Saturday, December 6, 2014

Jason goes to Holehead--Opening Night

Well, this is kind of a surprise. I'm always scared on the opening night of Another Hole in the Head, but not for the right reasons. I'm scared that there will be technical glitches or worse--the films will suck. Well everything went off without a hitch and all three films were above average (I know, I know, I mean they're above the average quality of films in the past several Holeheads. Usually the only ones I can count on are the one or two that I've chosen. But here's hoping the rest of the festival is as good as opening night.)

BLOODY KNUCKLES kicked off the fest with some good old hilarious offensiveness. Our hero is Travis, writer of pulp comic Vulgarian Invasion, who takes offensive aim at anything and everything in our culture. Sort of an underground anti-censorship crusader, and this movie totally embraces that ethos. Unfortunately, he pisses of the wrong crime lord and gets his drawing hand cut off. He wallows in depression, thinking his life is over, until just the right combination of rat poison and vomit brings his hand back to life. And his hand wants revenge, and wants his help. It's a bit slow in the middle when the hand is tormenting him into action. We all want to see the bloody revenge, not a guy fighting with his own hand. But heck, story and pacing aren't this film's strong suits. It's the go-anywhere, fuck censorship (especially self-censorship) attitude that makes this so awesome. Also "Guliani" being used as a safeword, and a docking joke. Oh, and Homo Dynamous needs his own spin-off movie.

Next up was AFTERIMAGES, from the team that made HAUNTED CHANGI (Holehead 2011.) A group of film students are studying in Singapore. They spend a break from their studies (during which they're supposed to complete their film projects) in a lavish home where they celebrate "ghost month." This is when they practice the Chinese/Singaporean (I don't know how far through Asia this custom spreads) of giving offerings to their ancestors by burning paper representations of items which they will receive in the after-world. Ghost money is a favorite, but people also burn paper cars, houses, clothes, etc. When one of them burns a camera, the next morning five slightly singed photographs are in the ashes of the fire. This piques their interest, so they burn a film camera--and are rewarded with a roll of 16 mm film. This is the framing device for a pretty clever horror anthology, all variations on a ghost theme, and all playing with different movie formats--16 mm, 35 mm, flash card, VHS, etc. That was my favorite part, actually, the playing with different formats (although it bugged me that the film students thought VHS hadn't been big since the 70s. Screw you guys, it was bigger in the 80s and continued well into the 90s!) And the shorts were all very well done, very effective, and the framing device had a satisfying payoff. Very well done.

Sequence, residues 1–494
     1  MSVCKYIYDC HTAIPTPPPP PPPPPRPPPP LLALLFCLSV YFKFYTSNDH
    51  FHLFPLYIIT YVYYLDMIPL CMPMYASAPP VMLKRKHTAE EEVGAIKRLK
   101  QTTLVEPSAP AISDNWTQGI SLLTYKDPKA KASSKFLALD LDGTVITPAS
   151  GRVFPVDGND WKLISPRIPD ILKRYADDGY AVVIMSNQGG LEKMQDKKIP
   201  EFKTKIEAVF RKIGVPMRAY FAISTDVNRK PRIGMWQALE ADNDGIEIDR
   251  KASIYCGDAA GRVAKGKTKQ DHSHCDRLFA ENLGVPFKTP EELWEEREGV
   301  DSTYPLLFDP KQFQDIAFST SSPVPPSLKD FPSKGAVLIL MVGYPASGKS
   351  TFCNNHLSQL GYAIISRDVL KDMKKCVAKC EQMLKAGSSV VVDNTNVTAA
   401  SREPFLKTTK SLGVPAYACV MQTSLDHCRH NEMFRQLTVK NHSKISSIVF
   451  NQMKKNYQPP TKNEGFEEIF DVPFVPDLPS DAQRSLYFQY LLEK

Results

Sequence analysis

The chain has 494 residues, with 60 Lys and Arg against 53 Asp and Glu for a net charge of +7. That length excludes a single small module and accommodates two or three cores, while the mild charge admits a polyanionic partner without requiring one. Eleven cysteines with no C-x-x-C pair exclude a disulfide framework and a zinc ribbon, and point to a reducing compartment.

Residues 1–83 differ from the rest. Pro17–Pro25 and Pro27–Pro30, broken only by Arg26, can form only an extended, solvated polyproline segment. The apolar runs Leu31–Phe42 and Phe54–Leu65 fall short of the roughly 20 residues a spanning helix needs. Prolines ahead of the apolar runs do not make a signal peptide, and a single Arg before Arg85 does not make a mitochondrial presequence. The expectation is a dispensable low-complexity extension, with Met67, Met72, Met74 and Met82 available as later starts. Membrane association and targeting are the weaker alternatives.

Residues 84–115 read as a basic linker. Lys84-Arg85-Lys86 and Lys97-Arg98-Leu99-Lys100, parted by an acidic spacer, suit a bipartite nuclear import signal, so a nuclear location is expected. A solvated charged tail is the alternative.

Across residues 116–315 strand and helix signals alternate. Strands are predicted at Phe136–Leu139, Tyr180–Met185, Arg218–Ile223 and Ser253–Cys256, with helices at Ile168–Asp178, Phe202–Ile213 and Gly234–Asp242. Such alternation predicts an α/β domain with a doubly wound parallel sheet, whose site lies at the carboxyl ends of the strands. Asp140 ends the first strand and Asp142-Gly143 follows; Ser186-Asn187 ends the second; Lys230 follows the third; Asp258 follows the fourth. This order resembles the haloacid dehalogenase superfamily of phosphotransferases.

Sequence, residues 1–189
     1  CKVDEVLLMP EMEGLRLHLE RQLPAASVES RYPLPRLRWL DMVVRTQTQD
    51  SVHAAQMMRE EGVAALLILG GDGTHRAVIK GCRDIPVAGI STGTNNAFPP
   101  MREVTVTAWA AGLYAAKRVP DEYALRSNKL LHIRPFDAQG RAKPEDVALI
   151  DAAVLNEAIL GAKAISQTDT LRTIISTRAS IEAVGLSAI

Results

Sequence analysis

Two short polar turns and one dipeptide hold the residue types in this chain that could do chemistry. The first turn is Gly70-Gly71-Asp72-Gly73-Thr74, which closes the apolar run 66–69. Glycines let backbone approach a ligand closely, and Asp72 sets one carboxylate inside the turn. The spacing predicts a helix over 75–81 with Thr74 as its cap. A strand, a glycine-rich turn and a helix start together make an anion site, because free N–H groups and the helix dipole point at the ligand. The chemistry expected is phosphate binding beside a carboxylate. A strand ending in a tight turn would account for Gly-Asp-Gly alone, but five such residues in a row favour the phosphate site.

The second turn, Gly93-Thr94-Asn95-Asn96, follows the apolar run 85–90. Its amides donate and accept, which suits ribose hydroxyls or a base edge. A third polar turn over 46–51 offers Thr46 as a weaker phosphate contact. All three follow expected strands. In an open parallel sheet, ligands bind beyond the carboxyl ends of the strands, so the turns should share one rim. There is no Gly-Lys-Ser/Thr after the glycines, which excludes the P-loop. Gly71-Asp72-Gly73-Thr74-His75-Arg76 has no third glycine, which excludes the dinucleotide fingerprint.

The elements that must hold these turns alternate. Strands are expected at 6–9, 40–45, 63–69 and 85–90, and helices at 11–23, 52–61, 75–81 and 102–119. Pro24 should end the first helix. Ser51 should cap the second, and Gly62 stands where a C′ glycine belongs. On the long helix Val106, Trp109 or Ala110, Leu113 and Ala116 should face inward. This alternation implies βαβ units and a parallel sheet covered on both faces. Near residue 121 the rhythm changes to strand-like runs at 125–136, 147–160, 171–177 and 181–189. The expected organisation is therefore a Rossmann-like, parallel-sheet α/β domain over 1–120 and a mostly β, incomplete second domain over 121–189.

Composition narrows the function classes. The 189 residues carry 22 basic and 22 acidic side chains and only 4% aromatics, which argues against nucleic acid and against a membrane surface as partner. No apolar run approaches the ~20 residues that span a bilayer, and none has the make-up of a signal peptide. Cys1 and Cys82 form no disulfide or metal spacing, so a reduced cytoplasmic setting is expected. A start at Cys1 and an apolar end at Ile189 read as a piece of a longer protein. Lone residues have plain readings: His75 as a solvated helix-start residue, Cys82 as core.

And finally, I ended the night with BLOOD PUNCH, which was one of two films I brought to Holehead (the other being LOVE IN THE TIME OF MONSTERS, playing next Thursday.) Here's what I wrote about it back when I saw it at Cinequest:
Milton wakes up with a hangover in a cabin. He throws up, finds a video screen with a message imploring him to watch, and sees a video of himself cutting two of his fingers off. This is especially odd because his fingers are completely intact this morning. Flashback to one day previous (give or take) and we learn that he’s a meth cook. And we meet the wild woman who breaks him out of rehab for one epic cook that will leave him set for life. They just have to beware of the third in their trio, her psychotic boyfriend. A little drinking, a little peyote-laced meth, a wild night…and that’s where Milton wakes up. Kinda. I’m dancing around the huge spoiler here, and everyone ends up describing the film as ‘XXXXXXXXX XXX crossed with…something violent and insane.’ Needless to say, the classic noir triangle of bad girl, worse ex, and good guy gets spun super-hard here, with a near-exhaustive list of kills (you know the old adage that if a gun is seen in act 1 it must be used by act 3? Well, what if a cabin full of weapons is seen in act 1?) despite a surprisingly small cast list. This was just one beautiful, bloody mind-fuck.
Ha! I love how I danced around the spoiler there. I also told the audience while introducing film that this has what I believe is the highest ratio of body-count to cast members. Nobody challenged that assertion afterwards (and more importantly, lots of people thanked me for bringing such an awesome movie to the festival. So that was a great way to finish the night.)

Total Running Time: 281 minutes
My Total Minutes: 375,163

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